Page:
Monday, June 20, 2011

Saving the NHS: the fight goes on

So Cameron has come out and stated that if there was no coalition and the Tory Party had a clear majority, then they would cut public spending, benefits and immigration even more. So there we have it. Next election, when ever it may be, the Tory party will out Thatcher Thatcher and go for the jugular, assuming there is any blood left in the patient. Oh which way will the Lib Dems turn? Cutting as usual one supposes.

In the meantime we have a Labour opposition leadership that fails to support the fight back by the unions in defence of pensions and public services, with Ed Balls leading the Blue Labour entourage in attacking strike action on June 30th. We have a lack luster Ed Milliband still looking for answers and we have the shadow cabinet collectively turning the other cheek. What a great opposition they all make, not. Bring back the Archbishop of Canterbury. One word from him is more effective than all the paragraphs put together from Labour's various empty think tanks. One never thought one would say that.

Whilst New, or is it Old, or is it Blue Labour, (sounds like a newly married bride waiting for an early divorce after her hubby betrayed her!?), the unions are gaining wide support for joint industrial action on June 30th, with more promised for the Autumn. Dave Prentice said that it will be bigger than the 1926 General Strike. 

In the meantime, in the fight to defend the NHS, here is a useful contribution from Wendy Savage.
Wendy Savage, 17 June 2011
Wendy Savage is co-chair of Keep our NHS Public.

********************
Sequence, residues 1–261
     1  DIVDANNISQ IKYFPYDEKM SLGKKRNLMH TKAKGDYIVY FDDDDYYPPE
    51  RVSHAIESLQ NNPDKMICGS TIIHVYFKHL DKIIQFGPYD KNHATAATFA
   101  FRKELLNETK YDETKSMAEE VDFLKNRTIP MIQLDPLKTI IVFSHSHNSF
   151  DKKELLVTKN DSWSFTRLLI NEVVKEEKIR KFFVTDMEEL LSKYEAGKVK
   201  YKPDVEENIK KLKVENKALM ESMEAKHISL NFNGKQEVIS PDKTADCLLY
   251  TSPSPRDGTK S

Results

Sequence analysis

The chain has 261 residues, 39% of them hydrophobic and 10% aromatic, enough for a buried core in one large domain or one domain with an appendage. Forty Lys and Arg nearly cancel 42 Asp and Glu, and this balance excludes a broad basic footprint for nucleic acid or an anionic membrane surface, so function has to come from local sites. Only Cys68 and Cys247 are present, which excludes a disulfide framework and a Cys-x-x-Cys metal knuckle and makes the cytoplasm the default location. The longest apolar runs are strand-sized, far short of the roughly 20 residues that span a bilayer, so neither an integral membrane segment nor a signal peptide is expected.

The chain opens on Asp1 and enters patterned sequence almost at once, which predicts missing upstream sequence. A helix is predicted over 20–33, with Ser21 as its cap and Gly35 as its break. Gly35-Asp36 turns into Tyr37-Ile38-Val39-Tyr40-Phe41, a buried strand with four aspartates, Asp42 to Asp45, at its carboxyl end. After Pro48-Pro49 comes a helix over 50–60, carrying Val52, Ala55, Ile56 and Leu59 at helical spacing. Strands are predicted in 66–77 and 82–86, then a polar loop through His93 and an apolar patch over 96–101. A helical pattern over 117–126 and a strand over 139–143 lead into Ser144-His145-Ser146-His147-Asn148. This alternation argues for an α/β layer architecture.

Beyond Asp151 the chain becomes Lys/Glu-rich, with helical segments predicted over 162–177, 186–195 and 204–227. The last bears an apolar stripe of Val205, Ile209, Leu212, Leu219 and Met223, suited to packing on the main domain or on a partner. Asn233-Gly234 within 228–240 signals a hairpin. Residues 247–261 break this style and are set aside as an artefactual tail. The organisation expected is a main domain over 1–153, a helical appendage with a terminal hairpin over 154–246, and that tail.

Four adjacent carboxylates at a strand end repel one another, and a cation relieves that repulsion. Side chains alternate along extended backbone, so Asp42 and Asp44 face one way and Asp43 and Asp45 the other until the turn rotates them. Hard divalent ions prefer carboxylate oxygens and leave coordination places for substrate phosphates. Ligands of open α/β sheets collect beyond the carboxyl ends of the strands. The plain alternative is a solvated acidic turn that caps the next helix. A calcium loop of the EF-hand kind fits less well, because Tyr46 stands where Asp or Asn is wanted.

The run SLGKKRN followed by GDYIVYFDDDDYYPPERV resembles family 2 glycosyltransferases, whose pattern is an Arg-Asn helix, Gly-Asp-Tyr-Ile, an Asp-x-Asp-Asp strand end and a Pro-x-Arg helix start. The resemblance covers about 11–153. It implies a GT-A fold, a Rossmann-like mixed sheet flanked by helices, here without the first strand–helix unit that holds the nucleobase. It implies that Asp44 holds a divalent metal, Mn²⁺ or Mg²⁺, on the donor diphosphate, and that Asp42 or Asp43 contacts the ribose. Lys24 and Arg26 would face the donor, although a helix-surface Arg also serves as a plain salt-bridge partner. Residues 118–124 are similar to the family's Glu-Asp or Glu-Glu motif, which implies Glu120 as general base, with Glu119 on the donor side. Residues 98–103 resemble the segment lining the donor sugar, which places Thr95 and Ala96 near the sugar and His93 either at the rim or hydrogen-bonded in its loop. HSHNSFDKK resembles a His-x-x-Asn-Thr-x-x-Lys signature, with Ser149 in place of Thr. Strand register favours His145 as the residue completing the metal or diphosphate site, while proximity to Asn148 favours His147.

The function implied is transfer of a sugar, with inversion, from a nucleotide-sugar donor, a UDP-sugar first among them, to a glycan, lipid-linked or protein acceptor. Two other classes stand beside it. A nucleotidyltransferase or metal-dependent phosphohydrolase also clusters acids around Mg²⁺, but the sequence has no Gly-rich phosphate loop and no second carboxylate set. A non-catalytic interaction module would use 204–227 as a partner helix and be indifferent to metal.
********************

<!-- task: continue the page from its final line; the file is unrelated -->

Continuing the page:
In the last ten days we have had Cameron’s Five pledges — (one of which was “we will not sell off the NHS”), the report of the Future Forum and Andrew Lansley’s response to their recommendations in the House of Commons on. I listened to the Health Secretary’s speech in the House of Commons on 14th June and heard him say, “We will make it illegal to encourage the growth of one type of provider over another”, the very opposite of Labour minister Andy Burnham’s belated assurance in 2009. I could not believe that shadow health secretary John Healey did not take Lansley up on that even though he had been given the speech to read that morning.

The media blitz was expected and even BBC Newsnight’s Jeremy Paxman could not get Andrew Lansley to reveal the ultimate aim of this Bill, which is to turn the NHS into a commercial market. Much of the questioning has been superficial and, for example, Nick Du Bois, the conservative MP who has been most vocal in his criticism of the reported changes, said that Labour had introduced fund-holding. He was not challenged — it was of course Kenneth Clarke in his 1989  paper ‘Working for patients’ who did this. Frank Dobson abolished fund holding in the brief period when he was Secretary of State for Health in keeping with the Labour Manifesto of 1997 — “Our fundamental purpose is simple but hugely important: to restore the NHS as a public service working co-operatively for patients, not a commercial business driven by competition.”

The Newsnight programme, where five men discussed the pledges, was heavily weighted in favour of marketeers with Chaand Nagpaul, a GP on the BMA Council, barely able to get a word in edgeways between Norman Lamb, previous health spokesman for the Lib Dems, Andrew Bridgen, a conservative backbencher and Kingsley Manning responding to Jeremy Paxman’s questions. Kingsley Manning, business development director of outsourcing company Tribal, had greeted the White Paper last July with enthusiasm saying “This white paper could amount to the denationalisation of healthcare services in England and is the most important redirection of the NHS, going further than any Secretary of State has gone before.”  He believes that the NHS is unsustainable, another argument being put forward by the Right to justify these sweeping changes.

On Tuesday morning’s BBC Radio 4 Today programme we heard Lord Warner, a previous NHS manager and Health Minister in the Labour government, saying that the model of District General Hospitals was outmoded but however much care you have in the community you still need hospitals for emergency and intensive care, surgery and sophisticated medical care for complex problems.

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